Making things is frantically accelerated; and every mechanical device used to swell the senseless bulk. As a result most workers find no replenishment, no renewal and growth of mind, no fulfillment in work. They labor to get mere means of later satisfaction. This when procured is isolated in turn from production and is reduced to a barren physical affair or a sensuous compensation for normal goods denied. Meantime the fatuity of severing production from consumption, from present enriching of life, is made evident by economic crises, by periods of unemployment alternating with periods of exercise, work or “over-production” (Dewey 1922, p. 272).
the entire modern industrial development is the fruit of the technological applications of science. By and large, the economic changes of recent centuries have been parasitic upon the advances made in natural science. There is not a single process involved in the production and distribution of goods that is not dependent upon the utilization of results which are consequences of the method of collective, organic intelligence working in mathematics, physics, and chemistry. To speak baldly, it is plain falsehood that the advances which the defenders of the existing regime point to as justification for its continuance are due to mere individualistic initiative and enterprise. Individualistic initiative and enterprise have sequestered and appropriated the fruits of collective cooperative intelligence… Without the aid and support of organized intelligence they would have been impotent (Ratner 1939, pp. 360–361).
To remedy this situation, Dewey envisioned an “intelligent social control of production,” restructuring corporations into vital, experimental and democratic organizations that should be able to solve societal problems through dialectical cooperation between managers, employees and citizens in a community-like fashion (Deen 2013, p. 651; Stever 1993).
The #StrategyAndEthics series began with the observation that discussions about strategy and ethics tend to take place separately. Both strategy and ethics are taught to varying standards of quality in military institutions around the world. However, the two areas tend to be taught as distinct rather than inextricably connected subjects (the one exception to this is perhaps in Germany). Too often, strategy discussions are seen as dominated by pragmatism, while discussions about ethics are considered more abstract or theoretical. This is true though the serving practitioners who I have the privilege of teaching, often having served back-to-back tours since 2001, are normally all too aware of the implicit connection between the two.
Despite the conscious, or unconscious, separation of the two areas, I will take this opportunity to demonstrate just how pragmatic and useful the Just War Tradition has been and continues to be when thinking about strategy. While there is a lot more to the subject of military ethics than the Just War Tradition, it represents a fund of practical moral wisdom that has evolved over time to reflect the changing character of war. What is often missed by people who approach it as an abstract theory, rather than as a true tradition, is that as part of this evolution, it has incorporated prudential calculations that acknowledge the crucial importance of context when determining a correct course of action.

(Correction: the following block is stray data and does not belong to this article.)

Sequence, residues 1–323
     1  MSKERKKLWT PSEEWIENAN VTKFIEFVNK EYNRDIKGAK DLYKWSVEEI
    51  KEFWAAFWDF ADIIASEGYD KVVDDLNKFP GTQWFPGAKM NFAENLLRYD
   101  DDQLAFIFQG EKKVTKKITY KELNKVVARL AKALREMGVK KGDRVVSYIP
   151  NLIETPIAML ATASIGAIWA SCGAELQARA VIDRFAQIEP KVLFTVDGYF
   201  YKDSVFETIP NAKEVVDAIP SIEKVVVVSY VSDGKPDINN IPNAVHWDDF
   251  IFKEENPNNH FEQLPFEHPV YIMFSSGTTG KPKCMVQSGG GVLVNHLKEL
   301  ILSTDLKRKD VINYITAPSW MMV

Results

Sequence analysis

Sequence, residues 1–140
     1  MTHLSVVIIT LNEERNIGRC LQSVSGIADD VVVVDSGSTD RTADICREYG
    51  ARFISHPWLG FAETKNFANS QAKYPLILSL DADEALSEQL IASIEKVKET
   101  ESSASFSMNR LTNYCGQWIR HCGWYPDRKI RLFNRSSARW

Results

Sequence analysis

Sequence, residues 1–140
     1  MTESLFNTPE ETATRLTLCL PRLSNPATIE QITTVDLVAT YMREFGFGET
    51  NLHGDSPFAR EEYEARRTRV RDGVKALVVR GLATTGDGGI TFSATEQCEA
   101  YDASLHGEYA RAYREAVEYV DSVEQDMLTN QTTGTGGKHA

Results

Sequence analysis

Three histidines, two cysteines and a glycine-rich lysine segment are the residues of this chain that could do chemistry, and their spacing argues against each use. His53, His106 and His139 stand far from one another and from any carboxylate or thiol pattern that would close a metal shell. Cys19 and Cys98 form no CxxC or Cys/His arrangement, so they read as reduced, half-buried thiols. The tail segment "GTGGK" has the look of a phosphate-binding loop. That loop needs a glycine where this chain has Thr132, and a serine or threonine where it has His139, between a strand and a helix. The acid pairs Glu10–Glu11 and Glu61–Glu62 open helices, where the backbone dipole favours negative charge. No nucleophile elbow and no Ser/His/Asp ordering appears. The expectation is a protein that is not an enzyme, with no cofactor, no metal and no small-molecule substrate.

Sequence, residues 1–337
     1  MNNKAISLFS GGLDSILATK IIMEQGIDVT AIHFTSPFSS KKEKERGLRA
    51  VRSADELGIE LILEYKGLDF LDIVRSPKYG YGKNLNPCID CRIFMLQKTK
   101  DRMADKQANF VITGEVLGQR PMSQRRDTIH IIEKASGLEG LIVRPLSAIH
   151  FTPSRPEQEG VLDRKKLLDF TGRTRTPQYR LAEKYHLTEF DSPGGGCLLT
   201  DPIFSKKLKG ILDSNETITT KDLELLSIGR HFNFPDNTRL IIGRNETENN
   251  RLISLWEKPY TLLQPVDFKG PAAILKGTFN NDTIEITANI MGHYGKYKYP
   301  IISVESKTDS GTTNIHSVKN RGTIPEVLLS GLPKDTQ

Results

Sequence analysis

In brief, the Just War Tradition demands that actions that can cause harm to others (i.e., going to war) can be undertaken only if there is a compelling, morally justifiable reason—a just cause. They must be undertaken with the right intentions and authorized by those who have the legitimacy to sanction the suspension of the normal rules prohibiting this kind of action. The harms that the action may produce in both the short and long term must be proportional to the injury that has been suffered, and there must be a reasonable prospect that the actions will lead to success. Finally, you must be confident that there are no alternative options that may do less harm and still produce results, i.e., war must be a genuine last resort. In addition to these ad bellum requirements, there are also certain in bello principles to take into account, concerned with how war is allowed to be conducted. Specifically, one should be discriminate to ensure that any harm to the innocent is limited, and any harm must be proportionate to the aim that is being legitimately pursued.
By establishing a clear and realistic objective at the outset, mission creep can be avoided and war can be kept firmly as an instrument of policy rather than its master.
There are pragmatic reasons why each of these criteria should inform policy formation and consideration about using violence on behalf of a given community. Given issues of brevity, the essentially pragmatic nature of the Tradition will be demonstrated by focusing on only two of the possible examples, one from each level of the criteria. Firstly, at the ad bellum level, few people would deny that it is sound strategic planning to ask what a war is trying to achieve before embarking upon it. Consistent with this, the Just War Tradition demands a clear idea of what success in this context actually means. Note that success is not the same as victory, even though the two are often confused. One can normally achieve one’s objectives without having to utterly destroy one’s opponent. For example, in 1939 Finland defended itself against the Soviet Union even though it was clearly not going to win. However, the Finns almost certainly obtained significantly better terms when they did finally capitulate five months later, than they would have achieved if they had not fought at all. It is difficult not to see this as success even if it was clearly not a victory. The link between Just War thinking and sound strategy can be demonstrated in this area by Clausewitz, who stated, “No-one starts a war—or rather, no-one in his senses ought to do so—without being clear in his mind what he intends to achieve by that war and how he intends to conduct it. The former is a political purpose; the latter its operational objective.” By establishing a clear and realistic objective at the outset, mission creep can be avoided and war can be kept firmly as an instrument of policy rather than its master. The normative concern is certainly not at odds with the strategic one.